Krishna is in search of a job but what makes it harder for him to find one, is the fact that he is an ex-convict. On Saturday, he was at the job fair organised by the Telangana state prison department, along with 249 other ex-convicts to try his luck at finding a job. A total of 12 firms had set up stalls at the Chanchalguda Central Jail in Hyderabad.
The 25-year-old had spent three months in jail this year for marrying a minor three years ago.
â€śWe got married three years ago, my wife was just six months away from becoming a major,â€ť explains a baffled Krishna, who was jailed based on a complaint filed by his in-laws three years ago. â€śI donâ€™t understand why they arrested me three years later. Now, I have two children with my wife. My mother-in-law who had initially filed the case even pleaded to the judge that the initial family problems were all resolved, but the judge did not listen,â€ť he adds.
After being jailed, Krishna lost his job as a marketing executive with a real estate firm in the city. â€śI tried explaining to them, lekin ek baar criminal ka thappa laga tho life bhar nahi chodega (once you get branded as a criminal, the tag stays with you forever)â€ť. He now drives an auto and works as a part-time house broker and is trying his luck for a data entry job with one of the firms that had come for hiring.
"If one reads the judgement copy of some of these convicts here, you will fear the person, you won't even feel like treating them as a human being. But once a convict enters the prison, they change their attitude, and we, as police officers, also realised that our attitude towards them has to change,â€ť says M Sridhar, deputy jailor with Chanchalguda central jail in Hyderabad.
Khaleel Ahmed spent almost 10 years in jail for committing a murder, but says heâ€™s had enough living the life of a convict.
â€śI have had enough with jails but these days police try to slap false cases on me as I am a known offender,â€ť says the 29-year-old from Warangal. â€śI reached out to the prison department officials and told them that I am being implicated in false cases. The Warangal Police Commissioner spoke to the police officials and requested them not to harass me.â€ť Khaleel who has studied till intermediate, blames his friend circle during schooldays for him ending up in prison. He now leads a quiet life, stays away from social gatherings and has a strained relationship with his family members.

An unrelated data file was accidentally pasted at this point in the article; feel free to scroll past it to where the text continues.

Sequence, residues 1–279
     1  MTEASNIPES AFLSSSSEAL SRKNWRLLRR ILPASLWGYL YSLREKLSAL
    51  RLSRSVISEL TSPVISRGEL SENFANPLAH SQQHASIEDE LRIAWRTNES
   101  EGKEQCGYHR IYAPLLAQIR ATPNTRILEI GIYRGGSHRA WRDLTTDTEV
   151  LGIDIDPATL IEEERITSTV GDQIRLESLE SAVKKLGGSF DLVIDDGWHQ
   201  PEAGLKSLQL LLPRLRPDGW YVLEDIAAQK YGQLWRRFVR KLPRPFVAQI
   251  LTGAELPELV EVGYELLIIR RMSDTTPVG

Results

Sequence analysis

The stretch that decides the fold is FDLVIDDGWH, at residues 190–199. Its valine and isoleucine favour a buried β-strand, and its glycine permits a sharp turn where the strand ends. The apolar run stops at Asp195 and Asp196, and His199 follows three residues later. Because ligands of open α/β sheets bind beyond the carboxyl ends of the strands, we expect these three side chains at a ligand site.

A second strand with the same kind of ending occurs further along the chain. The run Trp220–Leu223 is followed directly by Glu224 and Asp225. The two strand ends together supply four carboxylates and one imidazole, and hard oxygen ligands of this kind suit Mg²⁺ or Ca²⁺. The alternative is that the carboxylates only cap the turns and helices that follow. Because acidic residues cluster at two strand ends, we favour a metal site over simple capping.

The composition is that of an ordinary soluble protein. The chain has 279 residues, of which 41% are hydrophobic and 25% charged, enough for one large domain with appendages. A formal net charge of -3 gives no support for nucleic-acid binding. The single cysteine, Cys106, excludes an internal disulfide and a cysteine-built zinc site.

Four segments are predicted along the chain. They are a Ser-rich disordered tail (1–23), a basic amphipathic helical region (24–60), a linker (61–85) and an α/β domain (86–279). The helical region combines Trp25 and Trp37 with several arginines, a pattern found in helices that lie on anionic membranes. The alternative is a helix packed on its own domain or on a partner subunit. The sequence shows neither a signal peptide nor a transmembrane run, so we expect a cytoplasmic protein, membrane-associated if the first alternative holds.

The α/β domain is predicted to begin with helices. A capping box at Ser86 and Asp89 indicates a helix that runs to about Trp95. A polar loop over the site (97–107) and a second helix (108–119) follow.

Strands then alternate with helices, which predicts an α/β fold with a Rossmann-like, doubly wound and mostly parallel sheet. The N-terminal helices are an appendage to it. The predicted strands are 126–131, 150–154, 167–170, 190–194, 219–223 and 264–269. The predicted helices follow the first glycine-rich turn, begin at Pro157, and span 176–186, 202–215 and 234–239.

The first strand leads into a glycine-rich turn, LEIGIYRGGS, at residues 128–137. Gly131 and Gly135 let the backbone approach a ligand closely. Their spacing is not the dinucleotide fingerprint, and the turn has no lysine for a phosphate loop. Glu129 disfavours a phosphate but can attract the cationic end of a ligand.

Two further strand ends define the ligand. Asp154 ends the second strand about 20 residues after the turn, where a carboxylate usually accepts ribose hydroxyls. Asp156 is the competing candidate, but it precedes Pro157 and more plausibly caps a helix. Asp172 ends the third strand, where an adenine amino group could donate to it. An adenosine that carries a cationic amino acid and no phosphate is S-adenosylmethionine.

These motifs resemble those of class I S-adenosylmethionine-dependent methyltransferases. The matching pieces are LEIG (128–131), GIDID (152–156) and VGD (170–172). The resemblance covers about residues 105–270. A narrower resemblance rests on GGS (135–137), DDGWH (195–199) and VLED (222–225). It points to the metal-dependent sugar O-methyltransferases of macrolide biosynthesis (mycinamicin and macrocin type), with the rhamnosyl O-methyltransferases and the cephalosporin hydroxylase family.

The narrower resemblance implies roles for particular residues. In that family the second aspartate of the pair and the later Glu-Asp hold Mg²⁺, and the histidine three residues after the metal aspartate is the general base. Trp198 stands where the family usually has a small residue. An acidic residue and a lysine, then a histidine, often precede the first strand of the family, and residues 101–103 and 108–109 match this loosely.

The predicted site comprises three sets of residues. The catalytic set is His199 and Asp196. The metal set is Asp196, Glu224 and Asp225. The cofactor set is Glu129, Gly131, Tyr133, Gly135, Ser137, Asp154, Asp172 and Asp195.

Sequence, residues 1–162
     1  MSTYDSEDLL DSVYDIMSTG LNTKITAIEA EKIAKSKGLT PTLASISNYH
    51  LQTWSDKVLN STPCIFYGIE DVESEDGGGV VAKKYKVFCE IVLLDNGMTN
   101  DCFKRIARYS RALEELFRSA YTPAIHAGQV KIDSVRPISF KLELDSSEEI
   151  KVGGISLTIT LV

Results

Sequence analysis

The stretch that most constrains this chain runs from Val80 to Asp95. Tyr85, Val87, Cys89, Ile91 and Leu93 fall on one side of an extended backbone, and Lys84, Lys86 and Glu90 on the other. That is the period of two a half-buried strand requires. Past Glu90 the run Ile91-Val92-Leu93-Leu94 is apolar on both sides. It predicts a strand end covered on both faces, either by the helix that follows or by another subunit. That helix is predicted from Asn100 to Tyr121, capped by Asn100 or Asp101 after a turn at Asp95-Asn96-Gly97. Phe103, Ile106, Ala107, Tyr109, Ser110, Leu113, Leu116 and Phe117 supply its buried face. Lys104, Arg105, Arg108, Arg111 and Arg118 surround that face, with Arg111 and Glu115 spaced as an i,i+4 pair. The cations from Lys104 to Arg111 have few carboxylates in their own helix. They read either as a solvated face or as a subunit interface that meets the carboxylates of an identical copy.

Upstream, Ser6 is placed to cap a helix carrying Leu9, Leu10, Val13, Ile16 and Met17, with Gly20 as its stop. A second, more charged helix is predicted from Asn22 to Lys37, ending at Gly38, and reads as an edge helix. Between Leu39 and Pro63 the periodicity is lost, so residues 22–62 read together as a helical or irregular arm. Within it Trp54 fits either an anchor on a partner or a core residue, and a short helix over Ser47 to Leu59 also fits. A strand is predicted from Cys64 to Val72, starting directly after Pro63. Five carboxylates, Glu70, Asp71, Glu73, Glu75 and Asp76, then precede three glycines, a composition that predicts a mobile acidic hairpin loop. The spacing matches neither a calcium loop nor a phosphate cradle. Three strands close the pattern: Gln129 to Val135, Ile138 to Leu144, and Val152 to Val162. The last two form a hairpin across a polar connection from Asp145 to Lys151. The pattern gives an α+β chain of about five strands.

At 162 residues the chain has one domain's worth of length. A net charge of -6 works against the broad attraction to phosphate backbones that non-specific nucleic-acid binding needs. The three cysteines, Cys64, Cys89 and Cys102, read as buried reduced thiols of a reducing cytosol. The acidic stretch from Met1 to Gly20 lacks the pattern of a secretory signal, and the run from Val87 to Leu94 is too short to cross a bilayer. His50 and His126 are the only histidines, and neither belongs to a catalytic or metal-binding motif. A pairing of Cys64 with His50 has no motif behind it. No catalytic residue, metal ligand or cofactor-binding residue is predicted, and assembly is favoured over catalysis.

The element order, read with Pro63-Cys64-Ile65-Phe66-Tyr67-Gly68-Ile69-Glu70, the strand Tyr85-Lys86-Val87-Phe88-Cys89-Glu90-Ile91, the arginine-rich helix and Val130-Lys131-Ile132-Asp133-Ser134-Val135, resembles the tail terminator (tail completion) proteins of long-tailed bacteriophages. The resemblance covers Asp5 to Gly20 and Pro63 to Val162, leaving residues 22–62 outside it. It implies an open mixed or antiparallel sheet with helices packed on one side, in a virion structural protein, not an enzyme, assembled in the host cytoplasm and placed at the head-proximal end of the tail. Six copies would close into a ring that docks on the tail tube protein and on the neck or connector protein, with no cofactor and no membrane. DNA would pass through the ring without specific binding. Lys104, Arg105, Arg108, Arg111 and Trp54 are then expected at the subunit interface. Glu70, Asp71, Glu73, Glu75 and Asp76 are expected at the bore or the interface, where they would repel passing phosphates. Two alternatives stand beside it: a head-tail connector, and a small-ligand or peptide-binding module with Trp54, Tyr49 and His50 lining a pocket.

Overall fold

â€śThese days I work at a petrol pump and don't socialise much, people fear me. I go to work and come back home, that's my routine. I do talk to my family now and then, I have two brothers but things between us are not the same as before,â€ť he says.
Khaleel wanted to land a job with a mobile phone repairing firm that had set up a stall at the job fair. However, he did not get the job. The ex-convict laughs it off saying, â€śThey say I am too old for the job. The rejects are nothing new.â€ť
The initiative for the job fair came after ex-convicts reached out to the Prison Department for their help. Speaking about the initiative, A Narasimha, Inspector General (prisons), says, â€śThis job fair is the first of its kind in south India.â€ť He adds, â€śThere is a stigma attached to ex-convicts. The moment they land in jail, a prejudice gets attached to them and they get branded for life. Friends, families and everyone look down on them and it takes a toll on their self-esteem. People
At present, the jail owns 15 petrol pumps where 100 convicts and ex-convicts are working as pump attendants. â€śWe hope to increase the number of pumps to 100 spread across each district, and the district collectors are in support of the idea,â€ť says Sridhar.
All the 250 convicts who had registered for the job fair were vetted by the Telangana prison department. Speaking to TNM, K Raju, the HR manager for Karvy, who had come for hiring says, â€śWe are looking for data entry level and tele-caller jobs. The qualification is just intermediate as a minimum. So far, we have interviewed 5 people and hope to hire 10 by the end of the day.â€ť
Chakradhar, the founder of Skill Lathe, who brought the 12 companies for the fair, laments that he was unable to get more firms. He says, â€śAbout 50 of the ex-convicts who had applied for the job already have some skills but the companies here today were not suitable for them.â€ť He is hopeful that more companies will come forward to hire the ex-convicts in future job fairs.